Pectus excavatum is the most common anterior chest wall deformity that affects up to 1:400 of newborns. Zuyderland Medisch Centrum is conducting an Interventional trial in 25 participants in order to understand the Quantification of Chest Wall Changes in cases after Nuss Bar Removal using the Three-dimensional Optical Surface Scans.
If an operative correction is indicated, patients are often operated via the Ravitsch or Nuss bar procedure. The latter (i.e. the Nuss bar procedure) is the most commonly performed procedure. During this procedure one or more metal bars are inserted behind the sternum to push the sternum back into its normal position. These bars remain in situ for two-to-three years before being removed.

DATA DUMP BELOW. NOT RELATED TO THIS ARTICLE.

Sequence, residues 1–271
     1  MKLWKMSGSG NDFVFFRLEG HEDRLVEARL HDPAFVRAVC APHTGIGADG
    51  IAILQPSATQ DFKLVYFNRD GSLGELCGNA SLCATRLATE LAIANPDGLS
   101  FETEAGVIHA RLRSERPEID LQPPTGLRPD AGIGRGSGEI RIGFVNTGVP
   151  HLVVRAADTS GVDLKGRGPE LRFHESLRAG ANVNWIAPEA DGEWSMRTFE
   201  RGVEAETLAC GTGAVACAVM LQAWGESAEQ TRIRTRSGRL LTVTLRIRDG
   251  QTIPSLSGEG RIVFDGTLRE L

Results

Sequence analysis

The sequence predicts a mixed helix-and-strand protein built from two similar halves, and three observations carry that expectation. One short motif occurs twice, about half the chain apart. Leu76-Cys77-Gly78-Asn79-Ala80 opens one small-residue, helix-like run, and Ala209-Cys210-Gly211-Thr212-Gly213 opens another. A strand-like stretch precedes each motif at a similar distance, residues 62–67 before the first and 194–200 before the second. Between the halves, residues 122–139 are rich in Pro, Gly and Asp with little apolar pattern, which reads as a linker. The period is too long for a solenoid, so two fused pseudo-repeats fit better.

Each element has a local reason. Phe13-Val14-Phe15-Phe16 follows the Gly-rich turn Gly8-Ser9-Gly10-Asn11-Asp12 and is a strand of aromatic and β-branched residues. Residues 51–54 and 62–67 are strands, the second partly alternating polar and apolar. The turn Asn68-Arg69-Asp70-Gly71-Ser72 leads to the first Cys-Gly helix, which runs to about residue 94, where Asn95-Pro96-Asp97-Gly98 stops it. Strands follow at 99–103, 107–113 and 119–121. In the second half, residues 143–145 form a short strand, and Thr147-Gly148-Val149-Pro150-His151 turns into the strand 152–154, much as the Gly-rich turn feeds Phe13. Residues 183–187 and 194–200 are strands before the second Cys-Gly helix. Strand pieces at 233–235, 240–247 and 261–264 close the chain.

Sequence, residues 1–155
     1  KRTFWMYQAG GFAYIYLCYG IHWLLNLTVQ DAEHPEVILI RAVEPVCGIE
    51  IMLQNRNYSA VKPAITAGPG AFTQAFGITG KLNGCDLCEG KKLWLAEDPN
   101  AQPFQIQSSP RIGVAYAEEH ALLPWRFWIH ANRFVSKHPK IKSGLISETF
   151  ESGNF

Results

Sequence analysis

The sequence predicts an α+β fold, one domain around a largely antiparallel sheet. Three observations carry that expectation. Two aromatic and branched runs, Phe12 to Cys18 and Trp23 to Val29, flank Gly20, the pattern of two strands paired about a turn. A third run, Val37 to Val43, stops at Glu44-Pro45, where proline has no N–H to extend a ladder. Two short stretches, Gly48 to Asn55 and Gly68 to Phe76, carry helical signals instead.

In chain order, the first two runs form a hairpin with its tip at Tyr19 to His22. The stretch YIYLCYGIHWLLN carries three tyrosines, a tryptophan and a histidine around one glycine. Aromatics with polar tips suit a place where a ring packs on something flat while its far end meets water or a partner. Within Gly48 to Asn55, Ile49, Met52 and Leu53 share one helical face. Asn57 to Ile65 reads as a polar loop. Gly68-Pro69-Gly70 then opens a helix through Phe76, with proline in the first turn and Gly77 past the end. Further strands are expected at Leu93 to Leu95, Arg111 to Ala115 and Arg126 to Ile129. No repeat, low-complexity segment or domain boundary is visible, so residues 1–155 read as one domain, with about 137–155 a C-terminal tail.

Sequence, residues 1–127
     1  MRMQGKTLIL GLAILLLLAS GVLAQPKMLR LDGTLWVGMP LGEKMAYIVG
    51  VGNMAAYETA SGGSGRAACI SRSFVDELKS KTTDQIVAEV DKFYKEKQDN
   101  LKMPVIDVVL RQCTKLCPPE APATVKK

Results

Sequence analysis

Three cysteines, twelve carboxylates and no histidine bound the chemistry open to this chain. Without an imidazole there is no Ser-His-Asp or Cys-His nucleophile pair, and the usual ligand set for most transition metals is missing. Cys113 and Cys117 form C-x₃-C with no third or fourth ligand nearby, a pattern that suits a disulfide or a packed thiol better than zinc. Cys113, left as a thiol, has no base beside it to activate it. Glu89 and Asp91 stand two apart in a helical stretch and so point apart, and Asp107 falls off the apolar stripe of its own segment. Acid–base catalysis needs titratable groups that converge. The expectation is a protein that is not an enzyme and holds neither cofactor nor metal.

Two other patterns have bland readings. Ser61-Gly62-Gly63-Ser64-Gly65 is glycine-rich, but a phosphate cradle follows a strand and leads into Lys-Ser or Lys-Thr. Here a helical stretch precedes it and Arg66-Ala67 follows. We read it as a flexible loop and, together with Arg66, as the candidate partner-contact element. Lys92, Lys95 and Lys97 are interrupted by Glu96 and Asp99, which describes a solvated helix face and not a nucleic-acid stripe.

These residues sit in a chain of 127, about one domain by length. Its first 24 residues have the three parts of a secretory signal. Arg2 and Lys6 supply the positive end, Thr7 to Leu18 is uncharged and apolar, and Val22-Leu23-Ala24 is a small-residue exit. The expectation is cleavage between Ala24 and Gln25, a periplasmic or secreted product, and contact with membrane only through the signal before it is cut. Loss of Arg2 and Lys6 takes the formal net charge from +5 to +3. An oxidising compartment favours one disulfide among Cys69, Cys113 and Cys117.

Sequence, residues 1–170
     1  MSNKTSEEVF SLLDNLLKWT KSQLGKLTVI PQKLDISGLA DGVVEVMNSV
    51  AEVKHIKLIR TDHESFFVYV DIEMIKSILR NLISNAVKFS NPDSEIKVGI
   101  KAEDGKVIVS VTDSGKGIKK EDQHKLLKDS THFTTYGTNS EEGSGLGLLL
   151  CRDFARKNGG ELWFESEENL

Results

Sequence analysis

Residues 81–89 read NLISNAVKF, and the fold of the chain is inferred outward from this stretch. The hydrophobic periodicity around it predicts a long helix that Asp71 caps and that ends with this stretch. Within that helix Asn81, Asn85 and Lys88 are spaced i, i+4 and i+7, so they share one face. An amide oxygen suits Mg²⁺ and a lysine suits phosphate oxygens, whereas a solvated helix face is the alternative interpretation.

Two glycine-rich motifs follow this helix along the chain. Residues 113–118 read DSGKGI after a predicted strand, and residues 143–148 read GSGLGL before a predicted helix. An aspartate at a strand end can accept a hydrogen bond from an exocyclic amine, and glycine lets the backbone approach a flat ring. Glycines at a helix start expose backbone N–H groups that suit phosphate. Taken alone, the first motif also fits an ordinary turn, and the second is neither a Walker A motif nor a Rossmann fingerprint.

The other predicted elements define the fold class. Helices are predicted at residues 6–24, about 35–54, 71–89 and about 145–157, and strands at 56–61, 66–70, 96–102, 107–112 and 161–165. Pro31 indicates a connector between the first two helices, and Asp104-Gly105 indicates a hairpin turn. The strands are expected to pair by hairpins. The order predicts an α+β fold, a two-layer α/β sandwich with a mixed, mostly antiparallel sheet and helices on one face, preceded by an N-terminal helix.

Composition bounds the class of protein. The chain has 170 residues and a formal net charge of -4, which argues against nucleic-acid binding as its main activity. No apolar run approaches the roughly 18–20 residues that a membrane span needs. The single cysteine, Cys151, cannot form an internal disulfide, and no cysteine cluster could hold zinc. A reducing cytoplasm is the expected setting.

Despite the fact that the Nuss bar procedure is regarded as an effective procedure, retraction may occur after removal. A recent study has investigated this phenomenon, utilizing three-dimensional (3D) optical surface scans acquired before and after Nuss bar removal. The authors found statistically significant changes to occur in chest wall dimensions directly after, as well as between 2 and 8 weeks after Nuss bar explantation, in comparison to the situation just prior to bar removal. They, moreover, found the time the bar was in situ to be predictive for retraction. However, the authors also stressed that further studies are needed to reinforce their preliminary findings and perform long-term assessments. Subsequently, a similar study with long-term assessments will be conducted.